Select manuscript from this collection: B26  B250 B252  S58  29/80
Country of Location:
Country of Location
Switzerland
Location:
Location
Zürich
Library / Collection:
Library / Collection
Braginsky Collection
Shelfmark:
Shelfmark
B251
Manuscript Title:
Manuscript Title
Abraham Abulafia (1240–after 1291), Hayyei ha-Olam ha-Ba ("Life of the World to Come")
Caption:
Caption
Parchment · 81 ff. · 18.7 x 13.7 cm · [Italy] · [14th/15th century]
Language:
Language
Hebrew
Manuscript Summary:
Manuscript Summary
The Spanish kabbalist Abraham Abulafia (1240- after 1291) advocated a concept of Kabbalah that had little or nothing to do with the well-known schools of thought. He considered Kabbalah neither as a form of gnosis nor as a kind of theosophical theory that concentrates on the Sefirot, the emanation of the Divine Being. Instead he attempted to attain a state of prophetic-mystical ecstasy, based on his conviction that the experience of the prophets was an ecstatic experience and that all true mystics were prophets. This work of his was especially popular and circulated under the titles Hayyei ha-Olam ha-Ba ("Life of the World to Come"), Sefer ha-Shem ("Book of the Divine Name") or Sefer ha-Iggulim ("Book of Circles"); in this manuscript, however, it is called Sefer ha-Shem ha-Meforash ("Book of the Ineffable name"). The manuscript presents ten inscriptions in concentric circles in red and black ink, as well as 128 only in black ink. They contain detailed instructions for mystical meditation. While contemplating these circles, one should recite the 72-lettered name of God, which is arrived at by combining the numerical values of the letters in the names of the twelve tribes of Israel, of the Patriarchs, and the nine letters of the words shivtei yisra’el ("the tribes of Irasel"). The reader should "enter" each of the triple black and red circles at the point where an "entrance" is designated by means of a small pen stroke. (red)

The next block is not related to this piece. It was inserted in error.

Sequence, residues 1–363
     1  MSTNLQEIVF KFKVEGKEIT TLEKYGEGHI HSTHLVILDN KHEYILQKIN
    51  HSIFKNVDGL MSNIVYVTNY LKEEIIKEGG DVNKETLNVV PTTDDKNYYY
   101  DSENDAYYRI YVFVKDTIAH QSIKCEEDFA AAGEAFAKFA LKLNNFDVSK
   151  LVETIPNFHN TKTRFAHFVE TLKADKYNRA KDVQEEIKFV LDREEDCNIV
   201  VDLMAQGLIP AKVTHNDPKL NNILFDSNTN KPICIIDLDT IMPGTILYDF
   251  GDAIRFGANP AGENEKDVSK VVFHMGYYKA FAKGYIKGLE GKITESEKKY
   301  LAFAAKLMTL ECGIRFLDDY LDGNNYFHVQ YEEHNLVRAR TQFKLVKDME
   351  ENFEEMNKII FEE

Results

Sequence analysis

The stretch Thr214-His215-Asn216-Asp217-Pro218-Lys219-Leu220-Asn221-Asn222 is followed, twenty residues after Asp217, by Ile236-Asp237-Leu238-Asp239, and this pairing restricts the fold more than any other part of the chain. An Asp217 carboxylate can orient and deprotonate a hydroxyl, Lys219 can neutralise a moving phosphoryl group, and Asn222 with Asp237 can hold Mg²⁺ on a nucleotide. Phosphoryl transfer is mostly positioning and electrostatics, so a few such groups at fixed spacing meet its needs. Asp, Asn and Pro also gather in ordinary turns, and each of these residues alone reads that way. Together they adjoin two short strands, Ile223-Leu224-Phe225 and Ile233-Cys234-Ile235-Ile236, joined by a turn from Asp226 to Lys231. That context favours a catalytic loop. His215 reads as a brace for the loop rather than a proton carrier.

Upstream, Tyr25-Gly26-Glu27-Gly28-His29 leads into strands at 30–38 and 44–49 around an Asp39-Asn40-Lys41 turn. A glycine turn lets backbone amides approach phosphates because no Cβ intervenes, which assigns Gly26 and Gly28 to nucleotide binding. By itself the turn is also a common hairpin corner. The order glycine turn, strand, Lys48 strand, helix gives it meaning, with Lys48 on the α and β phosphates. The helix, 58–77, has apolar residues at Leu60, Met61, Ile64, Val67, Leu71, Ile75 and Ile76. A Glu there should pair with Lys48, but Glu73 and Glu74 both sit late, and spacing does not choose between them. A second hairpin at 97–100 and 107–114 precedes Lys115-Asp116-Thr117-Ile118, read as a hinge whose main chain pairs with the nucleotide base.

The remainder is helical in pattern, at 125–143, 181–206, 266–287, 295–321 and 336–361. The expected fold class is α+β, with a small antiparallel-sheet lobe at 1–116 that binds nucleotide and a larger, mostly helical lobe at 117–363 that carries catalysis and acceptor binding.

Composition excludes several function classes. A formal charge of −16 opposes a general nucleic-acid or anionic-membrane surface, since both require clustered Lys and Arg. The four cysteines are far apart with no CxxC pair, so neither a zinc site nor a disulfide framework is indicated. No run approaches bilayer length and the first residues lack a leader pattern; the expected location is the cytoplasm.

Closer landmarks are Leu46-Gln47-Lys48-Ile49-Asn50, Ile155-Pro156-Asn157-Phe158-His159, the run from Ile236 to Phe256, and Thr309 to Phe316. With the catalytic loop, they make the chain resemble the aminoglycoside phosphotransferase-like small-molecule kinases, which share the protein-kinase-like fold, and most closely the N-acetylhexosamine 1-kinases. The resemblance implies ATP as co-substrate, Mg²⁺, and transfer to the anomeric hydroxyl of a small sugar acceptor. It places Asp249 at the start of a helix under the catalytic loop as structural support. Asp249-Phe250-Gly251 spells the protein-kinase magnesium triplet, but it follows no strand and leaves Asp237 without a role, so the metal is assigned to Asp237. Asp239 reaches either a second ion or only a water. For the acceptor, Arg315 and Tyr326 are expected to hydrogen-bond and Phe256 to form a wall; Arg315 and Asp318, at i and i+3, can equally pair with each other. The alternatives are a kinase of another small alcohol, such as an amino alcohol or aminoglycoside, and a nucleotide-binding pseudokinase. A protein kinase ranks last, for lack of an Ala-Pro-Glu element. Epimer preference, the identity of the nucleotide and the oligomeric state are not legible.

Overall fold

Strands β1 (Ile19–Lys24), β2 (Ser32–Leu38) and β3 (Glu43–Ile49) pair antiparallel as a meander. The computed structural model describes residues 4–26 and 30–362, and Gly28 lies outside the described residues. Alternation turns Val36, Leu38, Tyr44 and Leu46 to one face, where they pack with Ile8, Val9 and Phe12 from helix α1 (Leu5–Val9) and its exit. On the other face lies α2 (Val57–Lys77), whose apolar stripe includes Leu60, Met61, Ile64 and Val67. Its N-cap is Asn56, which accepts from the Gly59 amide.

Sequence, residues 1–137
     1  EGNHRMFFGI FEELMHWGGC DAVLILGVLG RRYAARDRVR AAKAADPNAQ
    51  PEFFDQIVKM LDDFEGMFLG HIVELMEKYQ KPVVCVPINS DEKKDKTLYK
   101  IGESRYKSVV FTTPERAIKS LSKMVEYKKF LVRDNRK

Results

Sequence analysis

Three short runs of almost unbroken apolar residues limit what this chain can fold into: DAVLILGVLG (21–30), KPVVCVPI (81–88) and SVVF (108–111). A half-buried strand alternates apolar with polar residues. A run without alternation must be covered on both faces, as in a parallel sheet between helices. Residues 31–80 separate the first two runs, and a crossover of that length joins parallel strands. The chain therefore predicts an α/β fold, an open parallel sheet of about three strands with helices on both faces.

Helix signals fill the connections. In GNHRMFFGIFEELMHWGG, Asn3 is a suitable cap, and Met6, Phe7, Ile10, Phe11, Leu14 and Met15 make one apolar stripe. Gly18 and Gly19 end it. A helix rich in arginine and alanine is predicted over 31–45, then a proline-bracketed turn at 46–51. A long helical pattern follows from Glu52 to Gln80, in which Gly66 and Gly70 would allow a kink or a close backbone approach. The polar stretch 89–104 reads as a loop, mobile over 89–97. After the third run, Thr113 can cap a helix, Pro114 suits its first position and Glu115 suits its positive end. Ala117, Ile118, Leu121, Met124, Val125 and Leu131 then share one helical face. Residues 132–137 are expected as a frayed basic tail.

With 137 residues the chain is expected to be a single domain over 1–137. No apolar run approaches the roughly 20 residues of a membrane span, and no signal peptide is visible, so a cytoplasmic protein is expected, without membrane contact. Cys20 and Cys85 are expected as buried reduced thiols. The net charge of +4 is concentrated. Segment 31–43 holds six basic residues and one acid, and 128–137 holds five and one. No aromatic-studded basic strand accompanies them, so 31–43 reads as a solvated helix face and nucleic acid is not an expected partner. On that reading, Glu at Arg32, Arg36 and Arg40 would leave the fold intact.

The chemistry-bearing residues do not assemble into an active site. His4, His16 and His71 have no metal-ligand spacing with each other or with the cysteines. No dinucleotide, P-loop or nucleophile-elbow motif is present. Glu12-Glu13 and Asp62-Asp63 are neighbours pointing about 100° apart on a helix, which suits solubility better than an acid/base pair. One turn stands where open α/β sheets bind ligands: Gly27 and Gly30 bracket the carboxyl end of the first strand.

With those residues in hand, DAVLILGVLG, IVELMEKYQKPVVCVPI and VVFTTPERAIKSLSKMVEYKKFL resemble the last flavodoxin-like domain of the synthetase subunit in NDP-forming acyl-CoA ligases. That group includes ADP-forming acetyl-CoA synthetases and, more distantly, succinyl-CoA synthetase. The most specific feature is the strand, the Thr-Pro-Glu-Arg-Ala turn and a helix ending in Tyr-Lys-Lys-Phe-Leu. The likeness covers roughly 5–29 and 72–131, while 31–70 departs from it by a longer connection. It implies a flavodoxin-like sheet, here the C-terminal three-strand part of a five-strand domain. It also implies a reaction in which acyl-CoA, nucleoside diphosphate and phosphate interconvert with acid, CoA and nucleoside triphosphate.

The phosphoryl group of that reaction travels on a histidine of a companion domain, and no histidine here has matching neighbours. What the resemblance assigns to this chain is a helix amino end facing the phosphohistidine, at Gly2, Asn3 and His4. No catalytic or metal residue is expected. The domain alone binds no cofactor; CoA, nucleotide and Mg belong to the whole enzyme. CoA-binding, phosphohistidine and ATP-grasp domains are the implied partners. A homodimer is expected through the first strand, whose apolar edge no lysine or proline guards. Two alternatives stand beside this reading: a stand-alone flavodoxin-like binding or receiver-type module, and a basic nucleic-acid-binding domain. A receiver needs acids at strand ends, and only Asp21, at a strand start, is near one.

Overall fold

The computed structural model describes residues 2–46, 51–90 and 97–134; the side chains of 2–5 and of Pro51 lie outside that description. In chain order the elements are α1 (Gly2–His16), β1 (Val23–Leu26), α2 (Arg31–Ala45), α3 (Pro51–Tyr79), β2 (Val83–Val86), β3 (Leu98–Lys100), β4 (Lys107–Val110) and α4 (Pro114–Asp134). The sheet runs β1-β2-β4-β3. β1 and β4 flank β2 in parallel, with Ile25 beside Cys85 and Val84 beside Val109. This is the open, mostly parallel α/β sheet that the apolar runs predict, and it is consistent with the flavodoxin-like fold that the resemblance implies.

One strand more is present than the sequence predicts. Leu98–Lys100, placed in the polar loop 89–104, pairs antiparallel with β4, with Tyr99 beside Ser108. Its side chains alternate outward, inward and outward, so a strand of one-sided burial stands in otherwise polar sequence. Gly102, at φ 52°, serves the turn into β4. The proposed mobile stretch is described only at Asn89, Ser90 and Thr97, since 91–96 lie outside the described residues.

DOI (Digital Object Identifier):
DOI (Digital Object Identifier
10.5076/e-codices-bc-b-0251 (http://dx.doi.org/10.5076/e-codices-bc-b-0251)
Permanent link:
Permanent link
http://e-codices.unifr.ch/en/list/one/bc/b-0251
IIIF Manifest URL:
IIIF Manifest URL
IIIF Drag-n-drop http://e-codices.unifr.ch/metadata/iiif/bc-b-0251/manifest.json
How to quote:
How to quote
Zürich, Braginsky Collection, B251: Abraham Abulafia (1240–after 1291), Hayyei ha-Olam ha-Ba ("Life of the World to Come") (http://e-codices.unifr.ch/en/list/one/bc/b-0251).
Online Since:
Online Since
12/18/2014
External resources:
External resources
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Rights
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e-codices · 11/27/2014, 18:08:53

Im Judentum gab es immer zwei einander widersprechende Haltungen gegenüber der Kabbala. Die eine möchte das Studium und die Praxis der jüdischen Mystik als esoterisches System auf einen kleinen Kreis Eingeweihter beschränken, die andere versucht ein grösseres jüdisches Publikum zu erreichen. Einer der bedeutendsten Kabbalisten im mittelalterlichen Spanien war Abraham Abulafia (1249–nach 1291). Er betrachtete die Kabbala weder als eine Form der Gnosis noch als eine Art theosophischer Philosophie. Sein Konzept der Kabbala hat wenig oder nichts mit den bekannten Richtungen zu tun, die sich auf die Sefirot konzentrieren, die Emanationen des göttlichen Wesens. Stattdessen versuchte Abulafia einen Zustand prophetisch-mystischer Ekstase zu erreichen, ausgehend von seiner Überzeugung, dass die Erfahrungen der Propheten ekstatischer Natur und alle wahren Mystiker Propheten gewesen seien. Diese Auffassung rief heftige Widerstände hervor, die der ausserordentlichen Popularität von Abraham Abulafias Lehre jedoch keinen Abbruch taten.